LGBT people and communities in Indonesia have recently come under a series of unprecedented verbal attacks from top government officials, state institutions and extremists.
This series of verbal assaults began in January when the Minister for Education criticized a group providing counseling services for students. On February 15, Vice President Jusuf Kalla called on the United Nations to shut down its groundbreaking $8 million regional initiative, Being LGBTI in Asia. Two days later an umbrella organization of Muslim groups called for “banning LGBT [sexual] activities and other deviant types of sexual intercourse and prosecution of those involved in LGBT activities.”
On February 23, the Defense Minister called the LGBT movement a form of “proxy war” to undermine Indonesian sovereignty. The Minister for Women’s Empowerment condemned LGBT people for promoting a “deviant lifestyle.” On February 26, a former minister from an Islamist party said those committing “homosexual acts” should be put to death.
These harsh criticisms of LGBT people are surprising to many as they are occurring during the presidency of Joko Widodo, a politician with reformist credentials who was elected in July 2014.
Fortunately, there have also been voices supporting LGBT people in the cabinet. The Coordinating Minister for Security issued a statement saying LGBT people have a right to protection by the state and expressing regret that they had been victims of abuse.
“The government has shut down a slew of websites, ordered TV programs depicting gay lives off the air,” Asia One reported. “[The government] demanded all instant messaging apps remove same-sex emoticons - like men holding hands and the symbolic rainbow flag - or face a ban.”
Religious activists have rallied to denounce LGBT rights as a disease. Additionally, the Indonesian Psychiatrists Association defied established scientific consensus and changed its diagnostic guidelines and labeled gay and bisexual people as having psychiatric problems and transgender people as “mentally disordered.” A member of the Association claimed that being LGBT can be “healed through psychiatric treatment.” This would involve the discredited and dangerous practice of so-called “conversion therapy,” which the U.N. has declared to be tantamount to torture.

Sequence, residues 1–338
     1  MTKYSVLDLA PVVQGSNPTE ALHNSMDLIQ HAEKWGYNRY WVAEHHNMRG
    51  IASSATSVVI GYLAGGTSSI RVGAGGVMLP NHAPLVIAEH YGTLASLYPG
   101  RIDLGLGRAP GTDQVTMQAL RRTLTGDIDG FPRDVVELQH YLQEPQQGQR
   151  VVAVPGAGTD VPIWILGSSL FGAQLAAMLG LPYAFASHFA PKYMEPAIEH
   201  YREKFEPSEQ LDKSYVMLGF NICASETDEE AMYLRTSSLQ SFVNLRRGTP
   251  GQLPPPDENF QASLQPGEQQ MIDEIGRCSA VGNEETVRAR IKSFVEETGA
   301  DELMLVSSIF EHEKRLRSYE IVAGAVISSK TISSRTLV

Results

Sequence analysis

Last month, the Islamic Jihad Front pressured the local government of Yogyakarta to forcibly close a school for transgender women. According to Buzzfeed, many regarded the school as “a symbol of Indonesia’s religious pluralism.”
“Indonesian LGBT people are resilient and we will fight for our rights no matter what comes our way,” Indonesia’s best known LGBT activist Dede Oetomo, who started the country’s first LGBT rights group GAYa NUSANTARA in 1987, said. “We were engaged in human rights activism during the oppressive Suharto dictatorship and have undergone a lot worse.”
With 250 million people, Indonesia is the world’s fourth most populous country and has the world’s largest population of Muslims. A Pew Research Center study in 2013 indicated that 93 percent of Indonesians reject homosexuality, the highest figure among all Asian countries surveyed. Indonesia’s national laws do not criminalize same-sex relationships but the semi-autonomous province of Aceh, which is governed by Shariah law, subjects LGBT people to caning.
HRC will continue to closely monitor the situation in Indonesia as it develops. To learn more about LGBT rights and criminalization laws across the world, visit HRC.org/Global.